Whilst workplace well-being is something HR teams have become acutely aware of in recent years, stress-related absence is on the rise in nearly two-fifths of the UK’s workplaces. One reason for this could be that remote workers tend to work longer hours and tend to blend personal and professional life, which can lead to higher levels of stress. 40% of employees doing this sort of remote work report high levels of stress, compared to just 25% among those always working at their employer’s office. Worryingly, less than half of HR professionals say their efforts to tackle stress in their organisation are effective. This is concerning as not only is quality work (including defined lines between work and persona life, reasonable working hours and the ability to switch off) good for our wellbeing, but healthy, happy workforces are key to productivity.
Creating a culture of wellbeing
Organisations are much more effective in tackling stress and unlocking healthy, productive workplaces when they have a standalone well-being strategy in support of their wider corporate strategy and when line managers have ‘bought in’ to the importance of well-being. Thankfully then, just as workplace health and wellbeing has become more prevalent on the public radar, so too is employee well-being rising up the agenda of more senior leaders.
However, workplace-related stress remains common. Why? Research shows that many employers’ efforts are falling short of what’s needed: just two fifths have a formal well-being strategy in place, with the majority simply relying on line managers to look after workforce well-being.
Most managers are ill equipped to support their teams through times of stress
While employers can introduce a suite of exemplary well-being policies and make a serious investment in employee health, if this isn’t rooted in how people are managed, it will not have real impact. The latest Health and Well-being at Work Survey shows that the two top causes of workplace stress are unmanageable workloads and management style – both of which put line managers squarely in the frame for people’s mental well-being.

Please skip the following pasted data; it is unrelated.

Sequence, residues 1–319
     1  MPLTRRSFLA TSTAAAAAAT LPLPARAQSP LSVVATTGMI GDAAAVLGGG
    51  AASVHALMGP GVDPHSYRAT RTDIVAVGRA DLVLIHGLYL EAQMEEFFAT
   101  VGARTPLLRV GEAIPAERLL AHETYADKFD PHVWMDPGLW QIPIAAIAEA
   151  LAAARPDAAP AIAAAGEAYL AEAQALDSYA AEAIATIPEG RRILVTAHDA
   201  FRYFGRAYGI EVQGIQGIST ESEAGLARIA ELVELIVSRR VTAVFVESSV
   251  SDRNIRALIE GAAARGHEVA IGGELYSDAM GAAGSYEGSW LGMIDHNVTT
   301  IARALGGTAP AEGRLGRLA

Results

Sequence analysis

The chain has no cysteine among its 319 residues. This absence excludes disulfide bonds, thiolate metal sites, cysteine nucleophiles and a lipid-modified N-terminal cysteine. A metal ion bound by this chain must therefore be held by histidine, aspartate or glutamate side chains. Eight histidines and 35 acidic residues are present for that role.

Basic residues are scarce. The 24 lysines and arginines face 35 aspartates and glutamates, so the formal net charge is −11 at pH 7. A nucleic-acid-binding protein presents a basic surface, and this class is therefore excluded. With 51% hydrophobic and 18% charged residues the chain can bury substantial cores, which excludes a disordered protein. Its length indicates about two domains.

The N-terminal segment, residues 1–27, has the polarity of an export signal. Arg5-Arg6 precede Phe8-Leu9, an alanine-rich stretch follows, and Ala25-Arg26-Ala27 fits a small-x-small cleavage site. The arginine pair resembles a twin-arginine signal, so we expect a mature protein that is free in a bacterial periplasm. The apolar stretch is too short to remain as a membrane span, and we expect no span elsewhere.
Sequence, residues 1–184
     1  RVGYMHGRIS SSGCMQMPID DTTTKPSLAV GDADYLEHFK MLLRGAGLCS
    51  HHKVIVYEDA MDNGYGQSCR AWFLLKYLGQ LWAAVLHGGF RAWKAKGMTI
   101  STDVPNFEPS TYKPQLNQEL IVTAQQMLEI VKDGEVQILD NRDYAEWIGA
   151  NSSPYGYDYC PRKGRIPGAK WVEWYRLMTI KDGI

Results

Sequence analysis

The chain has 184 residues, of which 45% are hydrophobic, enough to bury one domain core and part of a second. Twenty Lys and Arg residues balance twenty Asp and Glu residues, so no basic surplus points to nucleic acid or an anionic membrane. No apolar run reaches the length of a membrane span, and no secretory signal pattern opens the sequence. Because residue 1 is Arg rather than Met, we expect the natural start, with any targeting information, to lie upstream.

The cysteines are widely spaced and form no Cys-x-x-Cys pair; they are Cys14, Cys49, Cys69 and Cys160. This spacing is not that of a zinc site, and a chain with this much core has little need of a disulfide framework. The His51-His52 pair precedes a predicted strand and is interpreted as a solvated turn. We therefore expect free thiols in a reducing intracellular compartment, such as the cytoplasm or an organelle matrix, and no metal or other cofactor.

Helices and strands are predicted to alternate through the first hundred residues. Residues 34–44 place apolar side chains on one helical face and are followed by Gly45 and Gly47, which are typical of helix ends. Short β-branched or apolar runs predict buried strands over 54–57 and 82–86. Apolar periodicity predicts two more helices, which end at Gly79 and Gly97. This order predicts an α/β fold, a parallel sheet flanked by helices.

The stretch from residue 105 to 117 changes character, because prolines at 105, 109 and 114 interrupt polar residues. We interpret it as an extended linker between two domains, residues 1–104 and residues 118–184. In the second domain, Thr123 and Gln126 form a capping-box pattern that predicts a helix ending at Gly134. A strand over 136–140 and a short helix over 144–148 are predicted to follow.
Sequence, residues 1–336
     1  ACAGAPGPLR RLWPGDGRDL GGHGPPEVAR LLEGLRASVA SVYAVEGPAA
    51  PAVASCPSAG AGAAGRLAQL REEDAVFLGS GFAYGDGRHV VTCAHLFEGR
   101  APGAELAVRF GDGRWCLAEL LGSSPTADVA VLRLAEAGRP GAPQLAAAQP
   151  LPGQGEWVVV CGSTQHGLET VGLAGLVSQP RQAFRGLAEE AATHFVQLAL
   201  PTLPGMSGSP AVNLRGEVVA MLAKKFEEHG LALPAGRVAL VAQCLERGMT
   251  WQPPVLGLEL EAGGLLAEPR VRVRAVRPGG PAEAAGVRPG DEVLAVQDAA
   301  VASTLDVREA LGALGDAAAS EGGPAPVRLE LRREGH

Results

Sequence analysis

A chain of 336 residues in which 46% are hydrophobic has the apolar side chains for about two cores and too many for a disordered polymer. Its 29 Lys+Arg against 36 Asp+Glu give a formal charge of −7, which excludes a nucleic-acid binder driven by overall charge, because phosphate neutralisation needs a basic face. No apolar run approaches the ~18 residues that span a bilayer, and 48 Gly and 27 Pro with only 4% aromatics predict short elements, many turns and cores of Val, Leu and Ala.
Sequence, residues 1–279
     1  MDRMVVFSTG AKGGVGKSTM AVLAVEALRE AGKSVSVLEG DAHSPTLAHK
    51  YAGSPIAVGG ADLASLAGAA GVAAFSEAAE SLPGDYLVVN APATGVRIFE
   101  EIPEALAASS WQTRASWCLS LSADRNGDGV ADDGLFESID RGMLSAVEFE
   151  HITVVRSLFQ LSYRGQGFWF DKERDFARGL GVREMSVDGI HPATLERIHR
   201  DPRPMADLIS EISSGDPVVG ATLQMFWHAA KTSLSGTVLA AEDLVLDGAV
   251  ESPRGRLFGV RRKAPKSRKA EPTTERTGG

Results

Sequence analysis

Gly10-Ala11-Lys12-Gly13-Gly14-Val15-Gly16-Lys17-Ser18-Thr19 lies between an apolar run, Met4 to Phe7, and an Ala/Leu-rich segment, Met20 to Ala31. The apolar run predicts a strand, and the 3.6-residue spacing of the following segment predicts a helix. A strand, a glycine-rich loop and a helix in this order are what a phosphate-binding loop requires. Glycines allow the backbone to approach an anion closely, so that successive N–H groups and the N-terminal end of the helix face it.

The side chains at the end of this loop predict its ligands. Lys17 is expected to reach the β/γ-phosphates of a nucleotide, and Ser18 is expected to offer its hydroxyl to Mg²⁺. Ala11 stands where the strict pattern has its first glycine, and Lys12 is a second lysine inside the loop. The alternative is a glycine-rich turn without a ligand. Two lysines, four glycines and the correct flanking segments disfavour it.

In nearly two-thirds of organisations, line managers are expected to take prime responsibility for managing short-term absence (and two-fifths of organisations expect them to take on long-term absence, too). Among the minority of organisations that tackle presenteeism (working when unwell), just 37% provide training or guidance for line managers to spot the warning signs, the overwhelming majority (79%) rely on managers sending people home when they’re unwell.
Only half of organisations train managers to handle stress and less than a third think managers are confident to have sensitive discussions about mental health issues and signpost staff to expert sources of help. In addition, while a quarter of organisations give line managers primary responsibility for managing short- or long-term absence, only half of managers (56%) are trained in short-term absence-handling.
Consequently, most managers are ill equipped to support their teams through times of stress, leading to a negative effect on people’s wellbeing.
So, what can HR professionals do?
When line managers are bought in to the importance of health and well-being, organisations are more likely to report that stress is well managed. The ideal situation then, is to create a holistic health and well-being strategy that is built from the ground up, championed by leaders and embedded throughout the organisation. By focusing their communications with managers, HR teams can reiterate the benefits: when their team is happy, healthy and engaged, they’re more likely to meet their goals and contribute to the team’s success.
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